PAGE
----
Makers of a recording by country-pop singer Charley Pride have agreed to stop tracking most listener habits and to warn consumers that the CD is not compatible with MP3 and other players, according to attorneys for a woman who sued the companies.
California resident Karen DeLise sued Music City Records, Fahrenheit Entertainment and digital rights management company Sunncomm in Marin County Superior Court in September, alleging that actions they took to exert control over the album "Charley Pride: A Tribute to Jim Reeves" illegally violated consumer expectations. The album was the first known copy-protected CD released in the United States.
Attorneys for DeLise said the companies have agreed to stop tracking personally identifiable information of listeners, to purge their files of such information, and to warn consumers that the CD doesn't work in DVD players, MP3 players or CD-ROM players.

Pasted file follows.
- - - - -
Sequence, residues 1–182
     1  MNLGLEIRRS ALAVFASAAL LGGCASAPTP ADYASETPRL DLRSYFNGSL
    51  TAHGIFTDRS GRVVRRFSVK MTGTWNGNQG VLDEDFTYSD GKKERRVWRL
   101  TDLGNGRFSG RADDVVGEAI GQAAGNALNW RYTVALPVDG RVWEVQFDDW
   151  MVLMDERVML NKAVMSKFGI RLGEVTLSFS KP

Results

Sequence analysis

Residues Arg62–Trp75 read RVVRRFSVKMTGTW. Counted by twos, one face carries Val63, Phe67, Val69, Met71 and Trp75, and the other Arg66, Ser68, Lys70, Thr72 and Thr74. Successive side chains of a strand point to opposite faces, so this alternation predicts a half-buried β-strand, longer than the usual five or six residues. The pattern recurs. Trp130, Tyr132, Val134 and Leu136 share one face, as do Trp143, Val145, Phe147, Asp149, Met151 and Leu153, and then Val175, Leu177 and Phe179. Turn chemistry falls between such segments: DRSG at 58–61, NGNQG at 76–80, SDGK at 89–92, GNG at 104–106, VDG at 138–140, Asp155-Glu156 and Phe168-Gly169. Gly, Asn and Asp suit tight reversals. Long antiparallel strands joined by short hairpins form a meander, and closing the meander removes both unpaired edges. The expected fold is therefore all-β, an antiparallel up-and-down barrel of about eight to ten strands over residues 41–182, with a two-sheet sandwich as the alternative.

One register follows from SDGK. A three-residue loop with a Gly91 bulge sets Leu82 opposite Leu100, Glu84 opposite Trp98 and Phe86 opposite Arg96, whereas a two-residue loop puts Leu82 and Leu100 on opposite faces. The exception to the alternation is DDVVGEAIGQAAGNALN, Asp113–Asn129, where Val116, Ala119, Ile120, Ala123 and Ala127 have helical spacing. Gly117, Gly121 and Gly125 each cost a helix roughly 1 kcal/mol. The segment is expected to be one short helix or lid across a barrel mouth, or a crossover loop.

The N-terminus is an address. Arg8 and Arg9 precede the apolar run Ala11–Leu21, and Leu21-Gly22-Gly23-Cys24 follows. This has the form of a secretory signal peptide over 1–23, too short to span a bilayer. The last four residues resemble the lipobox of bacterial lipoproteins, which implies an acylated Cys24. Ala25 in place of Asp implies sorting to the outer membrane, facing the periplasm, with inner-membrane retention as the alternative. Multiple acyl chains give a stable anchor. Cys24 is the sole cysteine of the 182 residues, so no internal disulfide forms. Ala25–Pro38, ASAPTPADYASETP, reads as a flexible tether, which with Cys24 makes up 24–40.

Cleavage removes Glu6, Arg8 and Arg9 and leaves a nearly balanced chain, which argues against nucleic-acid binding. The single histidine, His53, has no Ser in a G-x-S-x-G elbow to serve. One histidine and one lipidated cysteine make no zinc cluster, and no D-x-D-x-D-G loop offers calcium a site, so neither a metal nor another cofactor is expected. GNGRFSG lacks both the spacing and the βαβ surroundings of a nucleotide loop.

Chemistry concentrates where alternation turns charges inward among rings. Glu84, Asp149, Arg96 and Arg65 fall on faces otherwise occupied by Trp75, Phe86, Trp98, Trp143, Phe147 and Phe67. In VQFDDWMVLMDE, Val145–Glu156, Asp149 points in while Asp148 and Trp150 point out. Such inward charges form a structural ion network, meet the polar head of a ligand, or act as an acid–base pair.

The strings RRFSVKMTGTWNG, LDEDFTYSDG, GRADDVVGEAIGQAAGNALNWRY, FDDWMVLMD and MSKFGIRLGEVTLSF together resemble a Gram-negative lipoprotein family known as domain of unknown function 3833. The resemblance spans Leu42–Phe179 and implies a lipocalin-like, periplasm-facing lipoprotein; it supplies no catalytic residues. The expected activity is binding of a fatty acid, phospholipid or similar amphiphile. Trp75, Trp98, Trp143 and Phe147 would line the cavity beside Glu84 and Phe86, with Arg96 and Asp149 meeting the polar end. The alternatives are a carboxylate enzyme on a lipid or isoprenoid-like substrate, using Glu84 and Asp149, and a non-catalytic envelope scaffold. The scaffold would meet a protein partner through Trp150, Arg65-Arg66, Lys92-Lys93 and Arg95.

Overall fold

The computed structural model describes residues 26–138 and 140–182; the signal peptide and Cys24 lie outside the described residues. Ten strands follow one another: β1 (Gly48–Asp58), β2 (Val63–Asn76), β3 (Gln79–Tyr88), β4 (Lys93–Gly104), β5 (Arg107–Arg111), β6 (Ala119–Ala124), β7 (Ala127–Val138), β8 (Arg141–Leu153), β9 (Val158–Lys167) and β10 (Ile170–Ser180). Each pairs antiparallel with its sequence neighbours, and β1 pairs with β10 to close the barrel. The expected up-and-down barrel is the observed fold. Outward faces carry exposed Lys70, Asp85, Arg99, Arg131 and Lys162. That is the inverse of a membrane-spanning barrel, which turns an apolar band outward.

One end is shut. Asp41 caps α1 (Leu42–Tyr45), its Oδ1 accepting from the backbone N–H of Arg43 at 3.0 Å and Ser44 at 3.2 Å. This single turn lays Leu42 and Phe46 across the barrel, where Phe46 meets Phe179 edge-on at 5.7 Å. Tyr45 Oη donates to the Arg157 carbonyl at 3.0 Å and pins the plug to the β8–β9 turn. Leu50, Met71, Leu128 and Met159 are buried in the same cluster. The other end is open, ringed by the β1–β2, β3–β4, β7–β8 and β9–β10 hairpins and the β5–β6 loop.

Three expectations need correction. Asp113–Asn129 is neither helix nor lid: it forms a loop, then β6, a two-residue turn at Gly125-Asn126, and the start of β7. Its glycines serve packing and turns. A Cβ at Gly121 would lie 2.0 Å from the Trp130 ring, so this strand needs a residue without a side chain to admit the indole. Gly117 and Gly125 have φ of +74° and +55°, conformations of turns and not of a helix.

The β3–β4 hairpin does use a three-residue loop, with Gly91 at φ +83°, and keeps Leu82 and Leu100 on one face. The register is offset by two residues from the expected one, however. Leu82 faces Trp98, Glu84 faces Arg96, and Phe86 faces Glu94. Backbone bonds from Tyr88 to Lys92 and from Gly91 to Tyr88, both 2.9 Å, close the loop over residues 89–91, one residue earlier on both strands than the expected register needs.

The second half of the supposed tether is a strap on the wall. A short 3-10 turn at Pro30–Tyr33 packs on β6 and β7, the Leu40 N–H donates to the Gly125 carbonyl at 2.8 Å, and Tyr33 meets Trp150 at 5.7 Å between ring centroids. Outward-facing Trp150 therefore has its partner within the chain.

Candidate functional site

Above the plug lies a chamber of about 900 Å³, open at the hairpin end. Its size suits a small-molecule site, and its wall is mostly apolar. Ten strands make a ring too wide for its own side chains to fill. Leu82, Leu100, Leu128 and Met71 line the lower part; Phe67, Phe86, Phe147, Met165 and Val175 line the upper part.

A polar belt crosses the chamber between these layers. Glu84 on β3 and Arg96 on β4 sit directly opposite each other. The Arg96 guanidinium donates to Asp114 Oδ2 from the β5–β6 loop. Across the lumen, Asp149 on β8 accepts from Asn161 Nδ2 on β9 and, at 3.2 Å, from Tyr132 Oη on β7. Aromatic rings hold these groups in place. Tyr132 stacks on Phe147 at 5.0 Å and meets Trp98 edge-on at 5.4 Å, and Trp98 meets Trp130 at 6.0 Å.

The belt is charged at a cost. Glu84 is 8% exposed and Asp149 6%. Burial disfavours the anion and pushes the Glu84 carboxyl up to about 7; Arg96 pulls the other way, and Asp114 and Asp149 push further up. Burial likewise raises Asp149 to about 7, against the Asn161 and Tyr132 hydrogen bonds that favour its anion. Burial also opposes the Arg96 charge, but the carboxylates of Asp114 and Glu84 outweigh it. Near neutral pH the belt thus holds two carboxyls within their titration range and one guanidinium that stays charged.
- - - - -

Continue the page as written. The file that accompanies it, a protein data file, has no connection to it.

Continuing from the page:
In recent years, entertainment companies have increased their efforts to shackle music so that free copies of songs will not spread willy-nilly across the Web as they did in the glory days of song-swapping site Napster
However, some customers and consumer groups have protested the moves, saying they illegally restrict those who have no intention of breaking the law.
"I am very satisfied with the settlement we obtained for the benefit of the General Public," DeLise said in a statement announcing the settlement. "I applaud Music City and Sunncomm in deciding to resolve this case and to give consumers better notice so consumers can make an informed decision as to whether they want to purchase such functionally impaired CDs."
Representatives for the defendants did not immediately respond to requests for comment.